4 Corrupting Peace? Corruption, Peacebuilding, and Reconstruction
Philip LeBillon (University of British Columbia)
Many conflict-affected countries are among the most corrupt in the world, and corruption is frequently reported as a major concern of local populations and foreign aid agencies during transition to peace. Tackling corruption is part of ‘liberal peacebuilding’, which seeks to consolidate peace through democracy and free markets economy. Yet liberalization policies may also foster corruption. Using a preliminary analysis of selected corruption perception indicators, this article finds tenuous and divergent support for post-conflict patterns of corruption. Three main arguments linking liberal peacebuilding with higher levels of corruption are then presented for further elaboration, and a research agenda is outlined.
5 Aiding the State or Aiding Corruption? Aid and Corruption in Post-Conflict Countries
Sarah von Billerbeck (Oxford)
Economic growth and macroeconomic stability have come to be considered key to the consolidation of peace after civil war; as a result, development assistance has become a pervasive element of post-conflict interventions. However, despite providing certain benefits to post-conflict states, high levels of aid in the aftermath of civil war can also entail a number of negative consequences, including increasing corruption and imperiling one of the fundamental goals of peacebuilding: strengthening state capacity for the peaceful management of conflict. This paper describes the circumstances in post-conflict states that make them susceptible to corruption before discussing how the goals of peacebuilding and the methods of aid collide to produce a situation in which corruption may be an unintended by-product of building state capacity to maintain peace. More specifically, I examine the manner in which aid is disbursed, arguing that aid that is given directly to the government can strengthen the state but increase corruption; while aid that is disbursed around the state can prevent corruption but weaken the state, and thus work against the goals of peacebuilding. Finally, I examine some of the political, strategic, and bureaucratic obstacles to overcoming this trade-off.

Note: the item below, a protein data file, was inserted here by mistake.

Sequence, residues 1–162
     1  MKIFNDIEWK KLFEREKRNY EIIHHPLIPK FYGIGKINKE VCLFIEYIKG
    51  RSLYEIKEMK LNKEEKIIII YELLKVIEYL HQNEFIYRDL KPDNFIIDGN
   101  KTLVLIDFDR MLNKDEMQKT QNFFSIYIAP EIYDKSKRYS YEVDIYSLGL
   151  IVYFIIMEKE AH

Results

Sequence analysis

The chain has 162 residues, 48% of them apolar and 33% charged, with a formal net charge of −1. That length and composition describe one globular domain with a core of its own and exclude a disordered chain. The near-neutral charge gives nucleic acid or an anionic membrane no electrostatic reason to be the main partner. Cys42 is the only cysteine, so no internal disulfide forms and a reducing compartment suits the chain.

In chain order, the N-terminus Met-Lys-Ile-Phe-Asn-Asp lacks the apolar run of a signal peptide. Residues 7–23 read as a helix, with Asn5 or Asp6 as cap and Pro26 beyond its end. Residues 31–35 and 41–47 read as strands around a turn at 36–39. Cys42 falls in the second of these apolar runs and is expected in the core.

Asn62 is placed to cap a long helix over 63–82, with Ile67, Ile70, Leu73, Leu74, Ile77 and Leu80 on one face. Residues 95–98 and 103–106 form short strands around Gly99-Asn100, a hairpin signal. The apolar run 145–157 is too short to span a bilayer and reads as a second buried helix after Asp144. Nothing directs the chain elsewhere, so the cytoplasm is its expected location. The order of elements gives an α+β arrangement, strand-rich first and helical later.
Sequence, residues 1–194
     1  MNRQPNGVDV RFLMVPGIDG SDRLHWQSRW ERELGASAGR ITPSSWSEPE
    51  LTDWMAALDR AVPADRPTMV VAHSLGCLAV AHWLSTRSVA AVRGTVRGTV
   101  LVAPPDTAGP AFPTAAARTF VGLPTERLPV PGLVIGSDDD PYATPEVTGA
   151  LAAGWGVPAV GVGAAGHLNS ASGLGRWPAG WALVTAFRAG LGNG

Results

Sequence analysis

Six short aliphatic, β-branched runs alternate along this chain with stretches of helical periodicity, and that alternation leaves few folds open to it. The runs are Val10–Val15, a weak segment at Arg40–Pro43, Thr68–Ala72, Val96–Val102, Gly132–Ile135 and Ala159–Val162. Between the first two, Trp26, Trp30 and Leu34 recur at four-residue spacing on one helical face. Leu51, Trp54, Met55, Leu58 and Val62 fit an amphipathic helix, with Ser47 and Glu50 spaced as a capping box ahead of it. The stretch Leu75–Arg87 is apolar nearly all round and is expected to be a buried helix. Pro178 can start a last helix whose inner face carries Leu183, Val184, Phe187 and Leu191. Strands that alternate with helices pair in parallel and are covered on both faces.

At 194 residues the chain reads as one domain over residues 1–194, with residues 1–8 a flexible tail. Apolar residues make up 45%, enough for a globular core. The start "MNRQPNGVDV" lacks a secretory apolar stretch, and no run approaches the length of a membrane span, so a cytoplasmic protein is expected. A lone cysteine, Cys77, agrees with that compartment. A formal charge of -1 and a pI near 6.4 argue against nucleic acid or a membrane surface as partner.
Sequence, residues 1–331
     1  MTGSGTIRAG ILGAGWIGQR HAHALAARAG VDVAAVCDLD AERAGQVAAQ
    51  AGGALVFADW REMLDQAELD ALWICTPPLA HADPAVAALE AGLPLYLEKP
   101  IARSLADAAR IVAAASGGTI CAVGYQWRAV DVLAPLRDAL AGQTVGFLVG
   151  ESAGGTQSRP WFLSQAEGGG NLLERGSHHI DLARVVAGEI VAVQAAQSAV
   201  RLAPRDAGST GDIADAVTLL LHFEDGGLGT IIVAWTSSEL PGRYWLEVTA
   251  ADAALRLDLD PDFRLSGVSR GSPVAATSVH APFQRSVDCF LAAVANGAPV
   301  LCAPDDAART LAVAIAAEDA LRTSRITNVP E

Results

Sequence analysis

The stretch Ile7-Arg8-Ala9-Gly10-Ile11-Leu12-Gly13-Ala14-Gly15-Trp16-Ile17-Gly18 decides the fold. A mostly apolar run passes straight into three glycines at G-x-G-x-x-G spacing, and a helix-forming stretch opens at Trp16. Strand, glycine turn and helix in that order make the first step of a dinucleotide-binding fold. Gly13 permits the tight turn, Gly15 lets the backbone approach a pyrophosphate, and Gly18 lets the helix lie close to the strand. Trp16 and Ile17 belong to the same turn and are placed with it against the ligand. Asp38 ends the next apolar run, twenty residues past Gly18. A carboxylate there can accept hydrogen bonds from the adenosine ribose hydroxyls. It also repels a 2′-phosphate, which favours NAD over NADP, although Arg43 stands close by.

Part II: Case Studies
This article contends that the complex administrative mechanics prescribed in the Dayton Accords presented opportunities for nationalist leaders to abuse public office. At the same time, economic reforms and a high degree of decentralization gave elites and local communities the facility to resist externally induced structural adjustment. The economic paradigm introduced for transition limited any attempt to establish a social contract between individual and the state. Consequently, a degree of social cohesion remains through adherence to local, clientelistic loyalties and informal economic activity. This provides the cultural and structural economic context in which the abuse of public office flourishes.
7 From Ownership to Imposition: The process of creating a legally accountable Bosnian judiciary
Per Bergling (Umeå)